Authors’ contributions

TM composed the initial draft of this manuscript and revised accordingly after receiving input from all co-authors. TM was a major participant in research project design for NIRS data collection, analysis and interpretation. RM made substantial contributions to research project conception and design, had major contributions to manuscript development and finalization, and gave approval of final manuscript. JDR made substantial contributions to research project design, preliminary data acquisition and analysis, drafting methods portion related to metabolomics and gave approval of final manuscript. SRS made substantial contributions to research project design, preliminary data acquisition and analysis, drafting methods portion related to metabolomics and gave approval of final manuscript. YG made substantial contributions to statistical analysis including software development, power analysis, and development of statistical methods portion of manuscript. YG gave approval of final manuscript. KE made substantial contributions to statistical analysis including software development, sample size and power estimates, and development of statistical methods portion of manuscript. KE gave approval of final manuscript. MW has major responsibility for data acquisition, data management, and participant consent. She authored the data management portion of the final manuscript. JS has major responsibility for data acquisition, data management, and participant consent. She assisted with authoring data management and quality control section of the final manuscript. CDJ made substantial contributions to research project conception and design relative to red blood cell characteristics to be analyzed, how irradiation storage time may affect these changes and how it will be measured. CDJ will be accountable and oversee all aspects of the work in ensuring that questions related to the accuracy or integrity of any part of the work are appropriately investigated and resolved. CDJ had major contributions to manuscript development and finalization, and gave approval of final manuscript. All authors read and approved the final manuscript.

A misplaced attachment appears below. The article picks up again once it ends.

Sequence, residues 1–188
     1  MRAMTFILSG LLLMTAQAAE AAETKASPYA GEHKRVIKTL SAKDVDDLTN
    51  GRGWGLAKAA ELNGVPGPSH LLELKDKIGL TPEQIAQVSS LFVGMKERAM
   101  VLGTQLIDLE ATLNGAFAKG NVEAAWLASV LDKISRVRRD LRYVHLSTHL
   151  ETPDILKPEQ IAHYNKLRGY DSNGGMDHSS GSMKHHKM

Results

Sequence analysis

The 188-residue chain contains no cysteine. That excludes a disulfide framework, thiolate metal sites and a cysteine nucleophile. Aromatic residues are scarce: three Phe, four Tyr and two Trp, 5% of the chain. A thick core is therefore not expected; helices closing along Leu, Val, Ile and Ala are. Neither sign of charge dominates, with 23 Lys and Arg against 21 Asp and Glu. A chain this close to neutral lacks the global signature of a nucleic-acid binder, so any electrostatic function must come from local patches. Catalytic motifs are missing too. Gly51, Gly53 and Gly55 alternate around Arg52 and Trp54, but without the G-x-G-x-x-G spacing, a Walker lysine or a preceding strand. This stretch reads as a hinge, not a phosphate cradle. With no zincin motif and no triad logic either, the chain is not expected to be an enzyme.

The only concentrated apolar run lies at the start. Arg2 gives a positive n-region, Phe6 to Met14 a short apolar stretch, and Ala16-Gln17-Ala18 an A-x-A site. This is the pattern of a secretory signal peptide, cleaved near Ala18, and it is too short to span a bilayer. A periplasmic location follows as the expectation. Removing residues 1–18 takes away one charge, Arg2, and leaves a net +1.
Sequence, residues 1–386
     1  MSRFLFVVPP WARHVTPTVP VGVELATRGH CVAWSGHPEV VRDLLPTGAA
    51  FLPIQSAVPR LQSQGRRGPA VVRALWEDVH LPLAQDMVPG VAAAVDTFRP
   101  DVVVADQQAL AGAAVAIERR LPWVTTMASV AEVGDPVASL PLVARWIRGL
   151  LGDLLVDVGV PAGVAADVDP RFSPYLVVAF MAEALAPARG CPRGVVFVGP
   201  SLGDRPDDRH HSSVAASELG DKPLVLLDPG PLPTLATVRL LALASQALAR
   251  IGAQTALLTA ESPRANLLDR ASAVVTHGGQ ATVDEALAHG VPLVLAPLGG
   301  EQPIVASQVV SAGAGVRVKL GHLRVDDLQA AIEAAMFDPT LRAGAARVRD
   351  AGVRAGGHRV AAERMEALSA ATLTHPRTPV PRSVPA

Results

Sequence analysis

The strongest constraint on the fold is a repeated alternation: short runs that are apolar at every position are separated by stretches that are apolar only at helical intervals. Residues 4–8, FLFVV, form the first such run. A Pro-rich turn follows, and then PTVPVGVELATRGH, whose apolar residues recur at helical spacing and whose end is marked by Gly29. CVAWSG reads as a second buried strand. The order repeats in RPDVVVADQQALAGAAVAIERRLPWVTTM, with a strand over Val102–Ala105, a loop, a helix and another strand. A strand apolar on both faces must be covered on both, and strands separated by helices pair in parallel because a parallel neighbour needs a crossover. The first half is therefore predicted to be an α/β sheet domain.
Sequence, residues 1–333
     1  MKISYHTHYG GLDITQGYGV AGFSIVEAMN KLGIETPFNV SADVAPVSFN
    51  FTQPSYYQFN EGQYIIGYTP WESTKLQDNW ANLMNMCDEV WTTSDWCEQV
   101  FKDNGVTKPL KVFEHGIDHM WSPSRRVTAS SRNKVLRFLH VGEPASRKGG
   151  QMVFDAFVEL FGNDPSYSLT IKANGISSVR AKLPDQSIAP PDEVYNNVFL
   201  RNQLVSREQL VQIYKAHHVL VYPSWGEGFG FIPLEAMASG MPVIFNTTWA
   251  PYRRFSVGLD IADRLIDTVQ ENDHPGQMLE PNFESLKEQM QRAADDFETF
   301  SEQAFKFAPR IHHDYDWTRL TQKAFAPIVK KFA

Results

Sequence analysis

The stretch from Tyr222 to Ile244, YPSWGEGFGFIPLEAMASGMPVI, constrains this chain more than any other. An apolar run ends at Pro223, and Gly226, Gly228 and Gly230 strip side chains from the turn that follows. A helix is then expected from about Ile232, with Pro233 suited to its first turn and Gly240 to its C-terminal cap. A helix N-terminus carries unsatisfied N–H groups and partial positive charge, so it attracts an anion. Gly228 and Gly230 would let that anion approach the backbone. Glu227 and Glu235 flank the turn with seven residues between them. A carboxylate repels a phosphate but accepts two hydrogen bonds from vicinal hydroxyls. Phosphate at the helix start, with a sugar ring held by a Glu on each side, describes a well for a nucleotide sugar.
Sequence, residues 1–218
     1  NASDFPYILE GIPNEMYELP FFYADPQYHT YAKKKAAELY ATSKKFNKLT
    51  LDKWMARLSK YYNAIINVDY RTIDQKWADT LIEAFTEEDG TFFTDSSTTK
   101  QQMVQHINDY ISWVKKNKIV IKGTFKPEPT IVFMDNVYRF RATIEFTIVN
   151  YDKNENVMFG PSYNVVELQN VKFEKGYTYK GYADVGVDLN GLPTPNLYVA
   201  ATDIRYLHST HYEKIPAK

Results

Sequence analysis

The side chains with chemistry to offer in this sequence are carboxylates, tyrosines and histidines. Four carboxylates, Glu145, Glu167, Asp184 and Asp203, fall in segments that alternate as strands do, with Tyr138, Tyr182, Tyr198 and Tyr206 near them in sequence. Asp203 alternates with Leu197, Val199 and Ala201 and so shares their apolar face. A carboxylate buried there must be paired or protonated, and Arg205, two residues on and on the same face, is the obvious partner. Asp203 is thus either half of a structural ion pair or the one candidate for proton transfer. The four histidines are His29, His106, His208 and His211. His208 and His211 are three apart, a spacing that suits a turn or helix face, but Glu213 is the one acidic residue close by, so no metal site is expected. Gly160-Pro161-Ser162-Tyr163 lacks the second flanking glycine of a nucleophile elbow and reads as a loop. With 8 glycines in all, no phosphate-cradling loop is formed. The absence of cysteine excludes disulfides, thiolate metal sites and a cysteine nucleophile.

Ethics approval and consent to participate

We have received expedited approved under CFR.46.110 and/or 21CFR 56.110 by the Institutional Review Board of Emory University IRB00083691 to recruit participants for this study. Written informed consent from a parent or guardian will be obtained by a study investigator for each patient before enrollment.

Consent for publication

Not applicable.

Competing interests

This manuscript has not, and will not be submitted to any other journal for consideration. The authors of this manuscript declare no potential, real or perceived conflict of interest related to the submission of this manuscript to BMC Pediatrics Journal. Our funding sponsors had no involvement in the study design, collection, interpretation or data analysis, writing of this report or decision for publication submission. Dr. Marin is an educational consultant for Medtronic, Inc. Academic Affairs in which she educates clinical staff of proper bedside use of near-infrared spectroscopy technology. No other authors have any competing interests to disclose.

Publisher’s Note

Springer Nature remains neutral with regard to jurisdictional claims in published maps and institutional affiliations.

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Open AccessThis article is distributed under the terms of the Creative Commons Attribution 4.0 International License (http://creativecommons.org/licenses/by/4.0/), which permits unrestricted use, distribution, and reproduction in any medium, provided you give appropriate credit to the original author(s) and the source, provide a link to the Creative Commons license, and indicate if changes were made. The Creative Commons Public Domain Dedication waiver (http://creativecommons.org/publicdomain/zero/1.0/) applies to the data made available in this article, unless otherwise stated.

Authors and Affiliations

  1. 1.Department of Physiological and Technological NursingAugusta University, College of NursingAugustaUSA
  2. 2.Department of PediatricsEmory University, School of MedicineAtlantaUSA
  3. 3.Department of Pathology and Laboratory MedicineEmory University, School of MedicineAtlantaUSA
  4. 4.Department of Biostatistics and BioinformaticsEmory University, School of Public HealthAtlantaUSA